Russell arrived at Clover Field on June 2nd from San Simeon, CA. He carried one unidentified passenger. They remained on the ground a little over an hour before departing for San Simeon. The owner of the airplane was identified as William Randolph Hearst. Indeed, NC14250 was one of a series of aircraft owned by Hearst during the 1920s-1970 for use in his business. He published the San Francisco Examiner newspaper among other properties. Please direct your browser to the airplane's link for further information.

A quote from a blog, below, places Russell in Hearst's employ. The date of his landing with NC14250 would imply that he worked for Hearst from 1935. In so doing, he was a contemporary of Register pilot Ray Crawford, who also flew for Hearst.

"Allen Russell went to work for Hearst as his pilot in 1938 (some say as early as '35). Then in 1940, when Hearst got rid of his plane, Russell went into the Air Force.  Mr. Hearst wrote a letter of recommendation for Allen when he left, stating, 'He is not only the most skillful, in my range of knowledge, but the wisest. He has taken me through many difficult situations, but better than that, he has kept me out of many.' After WWII, Allen returned as Hearst's pilot flying WRH's new DC-3C built by Douglas. The plane had a large, modified cargo door that Hearst liked because it was, 'the only plane I have ever entered without having to remove my hat.'" Pictured are Allen Russell and his wife Billie Russell, who was also the hostess on the plane."

Below, Russell poses with his wife, Billie (Augusta "Billie" Vert), in the very doorway that was high enough for Hearst to wear his hat.

A.G. Russell & Billie Russell, Hearst's DC-3C, Ca. Post-WWII (Source: Woodling)
A.G. Russell & Billie Russell, Hearst's DC-3C, Ca. Post-WWII (Source: Woodling)

Russell was born May 16, 1900 in Fallbrook, CA. He was born into a large family. His first U.S. Census was in 1900, which was counted on June 6th that year. He was about two weeks old. His family included his father Allen (age 45), mother Mary A. (38), brothers Joseph O. (17) and Hartwell C. (15), sisters Maria (13), Dolly A. (10), Mary R. (8), Esther E. (5) and Candace L. (2). He no doubt did not want for sibling care.

The 1910 U.S. Census placed him at age 10 living with his father and mother, three older sisters, Mary (18), Esther (15) and Candace (12) and younger sister Alice (7). His oldest brothers and sisters had moved out. He was registered for the draft in 1918. His draft card is below. Curiously his birth date was recorded as 1899. He joined the Navy, but chronic seasickness resulted in his being sent home. I don't know if he served any further in land-based assignments. If you can help fill in the blanks, please let me KNOW.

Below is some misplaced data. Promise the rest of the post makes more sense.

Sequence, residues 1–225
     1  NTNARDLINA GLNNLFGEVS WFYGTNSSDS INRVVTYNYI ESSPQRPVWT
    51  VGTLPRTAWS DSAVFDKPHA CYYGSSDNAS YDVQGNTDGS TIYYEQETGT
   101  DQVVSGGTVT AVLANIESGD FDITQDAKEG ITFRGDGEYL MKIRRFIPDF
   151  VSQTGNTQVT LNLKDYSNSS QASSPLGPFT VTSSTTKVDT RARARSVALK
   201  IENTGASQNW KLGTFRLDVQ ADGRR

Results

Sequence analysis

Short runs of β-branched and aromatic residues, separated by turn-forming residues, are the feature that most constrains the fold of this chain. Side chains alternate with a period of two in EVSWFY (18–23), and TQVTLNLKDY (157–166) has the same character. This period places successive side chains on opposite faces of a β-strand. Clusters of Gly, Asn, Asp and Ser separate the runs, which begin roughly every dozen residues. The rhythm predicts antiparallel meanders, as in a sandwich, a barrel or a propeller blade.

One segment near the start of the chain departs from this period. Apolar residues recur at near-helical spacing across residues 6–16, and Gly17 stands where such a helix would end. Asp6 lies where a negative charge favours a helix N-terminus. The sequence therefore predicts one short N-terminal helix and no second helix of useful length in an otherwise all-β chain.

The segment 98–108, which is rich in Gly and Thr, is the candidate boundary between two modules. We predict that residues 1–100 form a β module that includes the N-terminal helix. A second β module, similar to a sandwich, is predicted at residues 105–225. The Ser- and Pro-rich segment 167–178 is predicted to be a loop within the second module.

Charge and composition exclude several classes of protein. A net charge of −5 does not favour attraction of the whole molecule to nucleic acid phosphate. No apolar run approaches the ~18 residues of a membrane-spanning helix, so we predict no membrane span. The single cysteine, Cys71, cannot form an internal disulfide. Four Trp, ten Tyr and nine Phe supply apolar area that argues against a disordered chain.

Allen G. Russell, WWI Draft Card, September 12, 1918 (Source: ancestry.com)
Allen G. Russell, WWI Draft Card, September 12, 1918 (Source: ancestry.com)

The 1920 Census cited him living at age 19 in West Fallbrook, San Diego County, CA. His father Allen (age 65) and mother (58), sister Alice (16) and a nephew Andrew (11) lived in the home at 39 Main Street. There is nothing residential at that location today. It is an area of small businesses. Andrew was probably the son of one of his older brothers or sisters. His father was a "Farm Laborer" on his "Own Farm." Russell wasn't always an aviator. His occupation was cited in 1920 as a "Mechanic" at a "Garage."

This vocation probably served him well, because for a number of years after WWI surplus military planes were sold off.  Russell bought one.  It came partially disassembled and he had to put it back together.  After assembly, Russell got permission from a local farmer in Fallbrook to use his empty field to learn to fly.  He took off and landed over and over, going higher and higher each time, until he got the hang of it. Things were simpler then.

But he continued his day job. The Pomona city directories for 1922, 1926 and 1928 listed him as a mechanic in the San Dimas garage. The 1922 directory listed him as married to Abbie (see below). And below is his November 19, 1927 application for operating a motorized boat along the Pacific Coast. The back of the form lists about three years of experience on three different vessels dating from 1925.

Application for Motor Boat License, 1927 (Source: ancestry.com)
Application for Motor Boat License, 1927 (Source: ancestry.com)

I found no information that he ever put his boat license to work.

Application for Motor Boat License, 1927 (Source: ancestry.com)
Application for Motor Boat License, 1927 (Source: ancestry.com)